Originally published by the Inside Sources syndicate network here (which was picked up by other newspapers around the country, including The Daily Journal, The Palm Beach Post, The Courier-Post, and The Times & Democrat) .
The world seems to be betting that the Federal Reserve will finally take action to increase its targeted interest rate in mid-December, something it hasn’t done in nearly a decade. Yet, although our economy seems to be moving very slowly, but steadily in the right direction, the lack of consistently positive data, unstable worldwide trends, and the timidity of Fed leadership may cause it to stall, yet again.
What most people do not realize is that the Fed was not created to enact policies based on a full analysis of every economic indicator, market sector performance update, or even on what is happening in foreign economies. The Fed has what is known as a “dual mandate”: it was created to anticipate and react to the country’s inflation (currently the Fed aims for a two percent rate per year) and employment (“full employment” is the goal, which hovers around five percent).
However, today’s rate of inflation is at what even its own Board of Governors has called “near historic lows,” coming in at around 1.3 percent (using its preferred core-PCE index), down from 1.5 percent in the previous quarter, and on a downward trend since mid-2014. These low rates of inflation do not include energy costs, which drive it to near zero percent due to the recent nosedive in oil prices.
The most widely publicized measure of unemployment has steadily fallen to the five percent full rate of unemployment, but I am more concerned that broader measures of unemployment do not reflect an equally positive message. For example, the unemployment measure that includes those relegated to part-time work when they would prefer a full-time job – known as the U6 – stands at 9.8 percent, which is higher than the nine percent rate that prevailed when we reached full employment in 2007, and far higher than the “natural” rate of eight or 8.5 percent that some economists prefer. Combined with the third quarter (revised) GDP growth rate of only 2.1 percent as well a corporate profit reversal to the tune of negative $23 billion, and things may not seem as rosy to Fed board members as some in the media might suggest.
Then there’s the rest of the world. The IMF continues to revise its world growth projections downward, which will impact our own exports, GDP, and employment. China, Russia, and Brazil are among the world’s biggest disappointments, but the EU is having its own problems adding to world growth. Throw in an uptick in terrorism and military skirmishes around the globe and I’m willing to bet we’ll see another downward revision soon.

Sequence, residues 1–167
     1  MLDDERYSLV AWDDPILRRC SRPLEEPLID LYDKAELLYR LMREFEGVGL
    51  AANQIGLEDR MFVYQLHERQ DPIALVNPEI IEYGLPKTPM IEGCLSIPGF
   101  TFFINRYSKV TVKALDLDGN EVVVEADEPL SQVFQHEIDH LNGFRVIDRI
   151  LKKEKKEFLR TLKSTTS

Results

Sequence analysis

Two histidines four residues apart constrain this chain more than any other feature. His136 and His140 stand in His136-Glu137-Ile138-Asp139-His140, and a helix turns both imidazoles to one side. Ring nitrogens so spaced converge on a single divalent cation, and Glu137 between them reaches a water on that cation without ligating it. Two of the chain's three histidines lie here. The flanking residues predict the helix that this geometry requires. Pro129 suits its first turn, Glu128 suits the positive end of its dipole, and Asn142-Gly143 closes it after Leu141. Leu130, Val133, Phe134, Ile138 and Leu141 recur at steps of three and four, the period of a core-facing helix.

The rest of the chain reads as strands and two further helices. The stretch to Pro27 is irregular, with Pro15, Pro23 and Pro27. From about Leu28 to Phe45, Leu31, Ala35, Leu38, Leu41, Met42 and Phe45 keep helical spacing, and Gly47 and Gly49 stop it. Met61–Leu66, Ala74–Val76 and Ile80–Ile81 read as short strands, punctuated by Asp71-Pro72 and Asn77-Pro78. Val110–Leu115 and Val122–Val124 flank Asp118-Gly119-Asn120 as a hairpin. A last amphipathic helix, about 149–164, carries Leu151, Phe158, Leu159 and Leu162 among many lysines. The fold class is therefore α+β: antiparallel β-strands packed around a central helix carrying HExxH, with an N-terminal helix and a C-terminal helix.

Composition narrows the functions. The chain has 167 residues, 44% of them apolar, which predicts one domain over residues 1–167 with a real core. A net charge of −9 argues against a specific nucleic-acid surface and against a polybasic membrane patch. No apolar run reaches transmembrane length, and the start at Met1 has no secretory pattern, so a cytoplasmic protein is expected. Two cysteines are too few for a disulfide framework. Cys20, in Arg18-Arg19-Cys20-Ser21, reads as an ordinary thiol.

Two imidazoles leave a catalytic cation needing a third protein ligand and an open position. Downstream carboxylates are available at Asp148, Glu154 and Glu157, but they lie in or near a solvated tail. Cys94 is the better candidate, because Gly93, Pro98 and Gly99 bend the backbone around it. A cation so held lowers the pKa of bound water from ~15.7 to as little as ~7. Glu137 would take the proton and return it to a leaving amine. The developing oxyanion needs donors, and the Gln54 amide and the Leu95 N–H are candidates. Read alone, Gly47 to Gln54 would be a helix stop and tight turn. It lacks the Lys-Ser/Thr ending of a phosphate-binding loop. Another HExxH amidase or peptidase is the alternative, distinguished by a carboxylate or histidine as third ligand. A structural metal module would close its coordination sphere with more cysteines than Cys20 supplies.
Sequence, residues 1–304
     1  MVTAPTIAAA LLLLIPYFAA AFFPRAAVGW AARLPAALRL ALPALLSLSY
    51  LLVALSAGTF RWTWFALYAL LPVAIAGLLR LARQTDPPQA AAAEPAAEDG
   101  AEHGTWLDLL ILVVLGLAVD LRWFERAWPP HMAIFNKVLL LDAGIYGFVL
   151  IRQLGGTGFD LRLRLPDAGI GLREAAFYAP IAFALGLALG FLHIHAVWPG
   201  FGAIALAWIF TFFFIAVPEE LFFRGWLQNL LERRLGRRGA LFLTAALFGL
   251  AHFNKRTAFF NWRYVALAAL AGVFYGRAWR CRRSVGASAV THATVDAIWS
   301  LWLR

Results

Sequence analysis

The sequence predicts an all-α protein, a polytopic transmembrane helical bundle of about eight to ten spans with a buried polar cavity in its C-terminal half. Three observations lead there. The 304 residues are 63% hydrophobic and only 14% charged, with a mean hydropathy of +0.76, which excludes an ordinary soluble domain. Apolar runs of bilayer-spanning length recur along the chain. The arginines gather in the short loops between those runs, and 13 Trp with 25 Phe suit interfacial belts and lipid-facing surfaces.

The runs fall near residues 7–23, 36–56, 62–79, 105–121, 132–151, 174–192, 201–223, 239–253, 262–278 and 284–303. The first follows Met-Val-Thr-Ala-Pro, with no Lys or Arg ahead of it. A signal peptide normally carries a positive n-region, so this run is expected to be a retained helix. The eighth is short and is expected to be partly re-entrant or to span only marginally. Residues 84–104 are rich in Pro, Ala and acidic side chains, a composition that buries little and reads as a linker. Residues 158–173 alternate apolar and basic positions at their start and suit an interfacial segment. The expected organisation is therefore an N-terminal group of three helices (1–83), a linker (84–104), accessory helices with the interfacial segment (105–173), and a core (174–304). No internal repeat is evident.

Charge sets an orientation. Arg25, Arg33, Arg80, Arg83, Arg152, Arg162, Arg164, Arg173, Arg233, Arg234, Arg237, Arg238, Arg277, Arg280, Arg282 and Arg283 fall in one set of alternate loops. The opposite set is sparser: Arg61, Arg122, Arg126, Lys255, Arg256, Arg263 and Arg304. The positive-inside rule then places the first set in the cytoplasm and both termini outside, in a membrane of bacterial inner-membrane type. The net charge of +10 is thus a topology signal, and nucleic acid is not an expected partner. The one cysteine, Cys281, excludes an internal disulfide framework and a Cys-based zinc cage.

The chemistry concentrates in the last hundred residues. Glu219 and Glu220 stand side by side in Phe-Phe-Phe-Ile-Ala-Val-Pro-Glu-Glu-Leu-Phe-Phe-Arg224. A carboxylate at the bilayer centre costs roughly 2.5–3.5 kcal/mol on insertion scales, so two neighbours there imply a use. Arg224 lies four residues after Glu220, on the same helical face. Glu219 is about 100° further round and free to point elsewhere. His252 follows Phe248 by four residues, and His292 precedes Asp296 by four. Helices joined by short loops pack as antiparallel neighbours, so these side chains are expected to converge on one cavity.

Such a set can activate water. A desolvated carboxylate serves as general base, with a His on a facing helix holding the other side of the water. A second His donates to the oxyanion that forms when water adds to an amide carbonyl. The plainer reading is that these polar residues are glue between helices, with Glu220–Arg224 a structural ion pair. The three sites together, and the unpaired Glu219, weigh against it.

Why would the Fed consider a rate hike amid such uncertainty? Well, first, the Fed knows that anything it does today is going to take a while to take effect, so it has to be really good at predicting the future. These educated guesses take into consideration expectations as well as its members’ personal opinions concerning the tools we might need to battle the next economic downturn. Yes, one of the arguments for raising the rate is so that we can then have the option to lower it when things go awry. As of today, the Fed is concerned about the possibility of future inflation as unemployment continues falling.
Although they really want to raise the targeted rate, Fed governors’ decisions are also a function of their natural human tendencies and personalities. Governors are usually described by how strongly they prefer policies that favor inflation control over employment concerns and vice versa. A more “hawkish” governor will favor rate increases as a preventive measure to expected inflation. Fed Chair Yellen, however, is a staunch “dove” while the rest of its members help make up a board that is also significantly more concerned about employment than future inflation when compared to previous boards, making it hesitant to enact any policy that may counter recent employment gains (hence no rate increases under its tenure).
Given Congress’ concern for the influences that personality may have on the Fed’s discretionary power, the House recently passed the FORM Act to instill a more rigid formula for the Fed’s monetary policy. Congress’ threat to reduce the independence of the country’s central bank has been heard by the Fed, and may help to contribute to its unwillingness to take action.
My humble prediction: the Fed is going to back off its December hike threats again, but with a warning even more stern than before. Too many indicators are too volatile right now and the doves at the Fed are worried they might make it worse. The problem is, with a guarantee that we will one day experience an economic downshift, many wonder if the window will close before a rate hike even gets to see the light of day, eliminating one of the Fed’s few tools for combating a recession. Maybe, that is a good thing.